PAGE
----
# Set of various order types of a set

Starting from the cardinal $$|\Bbb N| = \aleph_0 = \beth_0$$, we can generate a larger cardinal in two ways:

1. Take the set of all subsets, generating the cardinal $$\beth_1$$
2. Take the set of all well-order-types (up to isomorphism), generating the cardinal $$\aleph_1$$

I am wondering if, rather than well-order-types, we can take other order-types (up to isomorphism) to generate different cardinals. Are any of these known?

1. The set of all total order-types of $$\aleph_0$$
2. The set of all partial order-types of $$\aleph_0$$

3. The set of all preorder-types of $$\aleph_0$$

where these are all taken up to isomorphism.

Are the cardinalities of any of these known? Do any lead to another type of cardinal similar to the $$\aleph$$ or $$\beth$$ cardinals? How much of AC is required to talk about these?

• Since total orders are special types of partial orders, 2 and 3 are the same. – Noah Schweber Feb 9 '19 at 22:36
• Oops, that's from an earlier edit. Removed – Mike Battaglia Feb 9 '19 at 22:37

There's an easy construction which lets us show that there are continuum-many countable ordertypes up to isomorphism: given any infinite sequence of natural numbers $$f$$, consider the order $$A_f=\mathbb{Z}+f(0)+\mathbb{Z}+f(1)+...=\sum_{i\in\mathbb{N}}[\mathbb{Z}+f(i)].$$ It's easy to check that $$A_f\cong A_g\iff f=g$$. This immediately implies that all the other numbers are also continuum.
And note that we can do this for arbitrary infinite cardinalities: given $$f:\kappa\rightarrow\{0,1\}$$, let $$A^\kappa_f=\sum_{\eta<\kappa}[\mathbb{Z}+f(\eta)].$$ Again we have $$A_f^\kappa\cong A_g^\kappa$$ iff $$f=g$$.
So for every infinite cardinal $$\kappa$$, there are $$2^\kappa$$-many isomorphism types of linear orders of size $$\kappa$$. (And AC was never used at any point in the above.)
• @MikeBattaglia Not a single number, but a finite linear ordering of length $f(i)$, between copies of Z. – Ned Feb 9 '19 at 23:36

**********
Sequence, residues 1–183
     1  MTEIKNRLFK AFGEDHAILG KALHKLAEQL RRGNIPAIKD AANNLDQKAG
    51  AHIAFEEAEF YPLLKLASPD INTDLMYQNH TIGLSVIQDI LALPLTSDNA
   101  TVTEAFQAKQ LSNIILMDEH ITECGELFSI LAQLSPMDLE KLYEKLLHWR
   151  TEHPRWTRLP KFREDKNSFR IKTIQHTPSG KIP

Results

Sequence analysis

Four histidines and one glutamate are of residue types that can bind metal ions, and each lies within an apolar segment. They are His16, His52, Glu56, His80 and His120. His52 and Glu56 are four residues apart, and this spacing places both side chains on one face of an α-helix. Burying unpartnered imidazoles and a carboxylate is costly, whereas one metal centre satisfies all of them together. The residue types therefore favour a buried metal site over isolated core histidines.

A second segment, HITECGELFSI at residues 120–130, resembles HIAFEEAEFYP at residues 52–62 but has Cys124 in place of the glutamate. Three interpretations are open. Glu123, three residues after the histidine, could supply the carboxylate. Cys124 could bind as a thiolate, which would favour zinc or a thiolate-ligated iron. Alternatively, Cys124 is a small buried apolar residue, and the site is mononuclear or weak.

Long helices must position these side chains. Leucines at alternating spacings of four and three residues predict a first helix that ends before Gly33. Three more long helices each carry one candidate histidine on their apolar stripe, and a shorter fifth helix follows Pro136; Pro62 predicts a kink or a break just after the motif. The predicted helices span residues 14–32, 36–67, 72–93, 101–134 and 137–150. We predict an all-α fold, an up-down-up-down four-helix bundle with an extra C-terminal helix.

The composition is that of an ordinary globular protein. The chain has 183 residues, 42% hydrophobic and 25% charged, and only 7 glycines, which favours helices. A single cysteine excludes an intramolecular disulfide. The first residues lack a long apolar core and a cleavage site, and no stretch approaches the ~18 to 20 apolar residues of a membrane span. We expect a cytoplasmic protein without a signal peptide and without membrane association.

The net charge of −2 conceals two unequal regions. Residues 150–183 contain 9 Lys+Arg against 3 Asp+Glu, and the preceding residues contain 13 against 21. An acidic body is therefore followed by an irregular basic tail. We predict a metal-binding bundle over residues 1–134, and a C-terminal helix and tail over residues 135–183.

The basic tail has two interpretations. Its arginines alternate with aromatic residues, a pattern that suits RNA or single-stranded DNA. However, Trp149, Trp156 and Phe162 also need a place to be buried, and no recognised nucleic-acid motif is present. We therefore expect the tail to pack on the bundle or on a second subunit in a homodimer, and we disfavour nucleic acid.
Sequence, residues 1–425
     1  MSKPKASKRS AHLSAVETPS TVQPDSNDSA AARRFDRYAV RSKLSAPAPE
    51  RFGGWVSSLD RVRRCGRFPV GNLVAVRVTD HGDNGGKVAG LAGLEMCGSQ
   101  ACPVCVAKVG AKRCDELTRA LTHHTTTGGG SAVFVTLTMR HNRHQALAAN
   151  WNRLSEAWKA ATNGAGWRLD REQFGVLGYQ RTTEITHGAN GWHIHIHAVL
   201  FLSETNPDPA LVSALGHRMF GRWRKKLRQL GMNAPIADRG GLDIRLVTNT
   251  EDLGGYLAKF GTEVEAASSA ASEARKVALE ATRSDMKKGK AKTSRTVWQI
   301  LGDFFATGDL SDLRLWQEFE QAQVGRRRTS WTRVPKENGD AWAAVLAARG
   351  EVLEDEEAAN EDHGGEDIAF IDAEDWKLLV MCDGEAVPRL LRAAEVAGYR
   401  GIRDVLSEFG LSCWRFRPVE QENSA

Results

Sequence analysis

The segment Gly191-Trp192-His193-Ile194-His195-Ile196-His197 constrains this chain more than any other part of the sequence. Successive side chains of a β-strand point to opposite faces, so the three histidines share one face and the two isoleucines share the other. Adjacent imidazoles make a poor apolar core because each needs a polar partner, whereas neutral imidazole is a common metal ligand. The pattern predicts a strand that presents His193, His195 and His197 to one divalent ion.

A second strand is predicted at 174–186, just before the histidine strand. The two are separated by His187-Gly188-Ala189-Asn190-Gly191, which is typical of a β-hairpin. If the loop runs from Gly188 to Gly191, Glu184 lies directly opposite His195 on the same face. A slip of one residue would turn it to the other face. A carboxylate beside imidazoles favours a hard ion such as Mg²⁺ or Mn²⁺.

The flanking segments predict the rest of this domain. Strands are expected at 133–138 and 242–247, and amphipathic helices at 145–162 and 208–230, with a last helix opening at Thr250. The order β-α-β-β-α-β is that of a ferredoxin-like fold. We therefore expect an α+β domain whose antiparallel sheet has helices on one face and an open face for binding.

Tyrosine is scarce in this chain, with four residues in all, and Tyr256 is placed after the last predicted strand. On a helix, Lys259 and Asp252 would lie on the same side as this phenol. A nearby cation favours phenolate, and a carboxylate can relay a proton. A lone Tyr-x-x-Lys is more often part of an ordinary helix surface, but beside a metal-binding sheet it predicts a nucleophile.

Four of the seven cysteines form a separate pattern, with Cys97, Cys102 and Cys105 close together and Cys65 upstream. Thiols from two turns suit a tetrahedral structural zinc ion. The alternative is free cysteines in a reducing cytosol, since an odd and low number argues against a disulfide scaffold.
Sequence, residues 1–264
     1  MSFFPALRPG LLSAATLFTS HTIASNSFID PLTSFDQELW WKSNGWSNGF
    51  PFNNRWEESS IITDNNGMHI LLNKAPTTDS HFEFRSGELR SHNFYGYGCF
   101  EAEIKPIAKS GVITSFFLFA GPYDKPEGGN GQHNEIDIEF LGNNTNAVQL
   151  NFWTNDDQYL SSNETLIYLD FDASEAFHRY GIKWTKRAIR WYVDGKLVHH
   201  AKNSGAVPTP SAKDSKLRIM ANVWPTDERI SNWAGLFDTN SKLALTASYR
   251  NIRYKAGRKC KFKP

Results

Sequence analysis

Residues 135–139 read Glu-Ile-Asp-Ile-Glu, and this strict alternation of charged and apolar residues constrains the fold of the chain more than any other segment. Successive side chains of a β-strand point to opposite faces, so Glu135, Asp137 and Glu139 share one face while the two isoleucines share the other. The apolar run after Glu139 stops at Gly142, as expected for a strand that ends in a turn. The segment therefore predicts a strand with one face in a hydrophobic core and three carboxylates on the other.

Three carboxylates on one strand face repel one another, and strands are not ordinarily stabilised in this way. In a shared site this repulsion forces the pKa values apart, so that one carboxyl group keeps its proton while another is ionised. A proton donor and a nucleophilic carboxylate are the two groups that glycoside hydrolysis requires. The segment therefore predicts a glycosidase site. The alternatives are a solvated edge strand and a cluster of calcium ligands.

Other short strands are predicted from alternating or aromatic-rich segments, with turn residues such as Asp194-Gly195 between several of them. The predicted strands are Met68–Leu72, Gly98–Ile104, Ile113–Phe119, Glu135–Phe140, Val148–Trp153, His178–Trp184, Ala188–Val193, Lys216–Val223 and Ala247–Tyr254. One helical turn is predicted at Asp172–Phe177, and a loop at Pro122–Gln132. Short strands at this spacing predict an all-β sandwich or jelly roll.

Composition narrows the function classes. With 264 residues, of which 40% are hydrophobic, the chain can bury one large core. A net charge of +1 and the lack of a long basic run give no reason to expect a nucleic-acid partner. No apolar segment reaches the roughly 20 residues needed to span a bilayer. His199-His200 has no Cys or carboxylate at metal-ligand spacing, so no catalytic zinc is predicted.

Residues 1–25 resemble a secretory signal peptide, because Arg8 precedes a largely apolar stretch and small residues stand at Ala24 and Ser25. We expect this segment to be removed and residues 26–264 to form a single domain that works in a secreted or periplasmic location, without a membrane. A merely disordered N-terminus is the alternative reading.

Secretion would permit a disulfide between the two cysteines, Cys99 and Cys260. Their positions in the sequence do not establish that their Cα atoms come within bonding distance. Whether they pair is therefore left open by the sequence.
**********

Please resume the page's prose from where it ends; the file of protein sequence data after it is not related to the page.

• @MikeBattaglia There is a natural way to view the set of all linear orderings of $\mathbb{N}$ as a Polish space $\mathcal{L}$. In this light, Burgess' theorem says that any analytic equivalence relation on $\mathcal{L}$ has either countably many, $\aleph_1$-many, or continuum-many equivalence classes. What does this have to do with counting orderings of a given type? Well, given a class $C$ of linear orders (e.g. the well-orderings), let $\equiv_C$ be the equivalence relation on $\mathcal{L}$ given by pushing all the "non-$C$" orders together, and being isomorphism otherwise. (cont'd) – Noah Schweber Feb 10 '19 at 0:44
• That is, $A\equiv_CB$ iff (neither $A$ or $B$ is in $C$) or ($A\cong B$). So for example: taking $C$ to be the class of well-orderings, $\mathcal{L}/\equiv_C$ has one element for each countable ordinal, and then one more element for "not well-ordered." So we're just counting the $\equiv_C$-classes, essentially. The point is that Burgess tells us that we can never hope to get anything other than $\le\aleph_0$, $\aleph_1$, or $2^{\aleph_0}$ using any kind of ordering which yields an analytic equivalence relation. For example, $C$=well-orderings does give an analytic equivalence relation. – Noah Schweber Feb 10 '19 at 0:47
• (And Silver's theorem, which is easier, shows that coanalytic equivalence relations are even tamer: they get either countably many or continuum-many classes.) So tentatively, I'd say that you're never going to find a natural way to whip up (say) $\aleph_2$ this way (even after granting the clearly-necessary assumption of $\neg$CH). – Noah Schweber Feb 10 '19 at 0:48
• All this falls into the general descriptive-set-theoretic picture of cardinals in between $\aleph_0$ and continuum being "difficult to exhibit." Incidentally, things get weirder at higher cardinals, but that's a separate issue. – Noah Schweber Feb 10 '19 at 0:51